Social Neuroscien...
Follow
Find
3.0K views | +2 today
Social Neuroscience Advances
Understanding ourselves and how we interact
Your new post is loading...
Rescooped by Jocelyn Stoller from Neurovium: Neuroscience at the intersection of Philosophy, Logic, Biology & Physics
Scoop.it!

The Brain Mapping Initiatives: Foundational Issues, Bioethics. What are the ethical implications?

The Brain Mapping Initiatives: Foundational Issues, Bioethics. What are the ethical implications? | Social Neuroscience Advances | Scoop.it

Via Nima Dehghani
more...
No comment yet.
Rescooped by Jocelyn Stoller from Psychology, Sociology & Neuroscience
Scoop.it!

Social Connection Makes a Better Brain

Social Connection Makes a Better Brain | Social Neuroscience Advances | Scoop.it
Recent trends show that people increasingly value material goods over relationships—but neuroscience and evolution say this goes against our nature.

Via VISÃO\\VI5I0NTHNG
more...
No comment yet.
Scooped by Jocelyn Stoller
Scoop.it!

Connectivity is Key to Understanding the Brain - LiveScience.com

Connectivity is Key to Understanding the Brain - LiveScience.com | Social Neuroscience Advances | Scoop.it
LiveScience.com
Connectivity is Key to Understanding the Brain
LiveScience.com
The human brain is a marvel of neural wiring, from links between individual neurons to fibers that meander through vast brain regions.
more...
No comment yet.
Scooped by Jocelyn Stoller
Scoop.it!

Time of day affects morality

Time of day affects morality | Social Neuroscience Advances | Scoop.it
Our ability to exhibit self-control to avoid cheating or lying is significantly reduced over the course of a day, making us more likely to be dishonest in the afternoon than in the morning...
more...
No comment yet.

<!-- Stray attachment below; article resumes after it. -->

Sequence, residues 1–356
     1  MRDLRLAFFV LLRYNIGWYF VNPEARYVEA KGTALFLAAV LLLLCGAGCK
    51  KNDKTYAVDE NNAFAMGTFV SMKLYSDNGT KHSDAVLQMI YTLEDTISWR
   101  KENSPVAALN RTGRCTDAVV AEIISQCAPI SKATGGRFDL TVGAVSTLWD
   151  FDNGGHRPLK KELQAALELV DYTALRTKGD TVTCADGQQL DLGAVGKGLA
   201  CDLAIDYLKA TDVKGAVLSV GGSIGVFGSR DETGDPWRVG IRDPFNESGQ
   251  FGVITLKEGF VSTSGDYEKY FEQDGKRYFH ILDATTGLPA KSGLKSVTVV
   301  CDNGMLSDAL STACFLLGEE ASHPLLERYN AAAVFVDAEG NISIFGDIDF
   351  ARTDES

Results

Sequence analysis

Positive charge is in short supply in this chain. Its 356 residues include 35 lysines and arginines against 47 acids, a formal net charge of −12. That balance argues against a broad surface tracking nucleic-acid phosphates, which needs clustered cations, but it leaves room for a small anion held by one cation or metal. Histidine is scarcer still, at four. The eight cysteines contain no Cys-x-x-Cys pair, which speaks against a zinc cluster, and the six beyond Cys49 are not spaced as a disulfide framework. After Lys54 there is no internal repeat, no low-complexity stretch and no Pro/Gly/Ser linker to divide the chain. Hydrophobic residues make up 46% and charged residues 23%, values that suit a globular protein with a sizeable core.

Scooped by Jocelyn Stoller
Scoop.it!

First evidence that fear memories can be reduced during sleep

First evidence that fear memories can be reduced during sleep | Social Neuroscience Advances | Scoop.it
A fear memory was reduced in people by exposing them to the memory over and over again while they slept. It's the first time that emotional memory has been manipulated in humans during sleep, report Northwestern Medicine scientists.
more...
No comment yet.
Scooped by Jocelyn Stoller
Scoop.it!

Why Do Some Brains Enjoy Fear?

Why Do Some Brains Enjoy Fear? | Social Neuroscience Advances | Scoop.it
The science behind the appeal of haunted houses, freak shows, and physical thrills.
more...
No comment yet.
Rescooped by Jocelyn Stoller from Empathy and Compassion
Scoop.it!

Thank you to the Empathy and Compassion in Society Community - Empathy and Compassion in Society

Thank you to the Empathy and Compassion in Society Community - Empathy and Compassion in Society | Social Neuroscience Advances | Scoop.it

Thank you for making Empathy and Compassion in Society 2013 such a remarkable gathering.

 

600 participants from 14 countries on all five continents attended the event - the youth gathering, the conference, the cultural evening and the workshops. 


Videos from the youth gathering will be available next week, in time for World Kindness Day on 13 November and for Anti-Bullying Week on 18-22 November. The conference videos including the powerpoint slides will be available to participants early in December.


Via Edwin Rutsch
more...
No comment yet.
Rescooped by Jocelyn Stoller from Amazing Science
Scoop.it!

Speak Easy: FOXP2 'Language Gene' Has a Partner

Speak Easy: FOXP2 'Language Gene' Has a Partner | Social Neuroscience Advances | Scoop.it

Few genes have made the headlines as much as FOXP2. The first gene associated with language disorders, it was later implicated in the evolution of human speech. Girls make more of the FOXP2 protein, which may help explain their precociousness in learning to talk. Now, neuroscientists have figured out how one of its molecular partners helps Foxp2 exert its effects.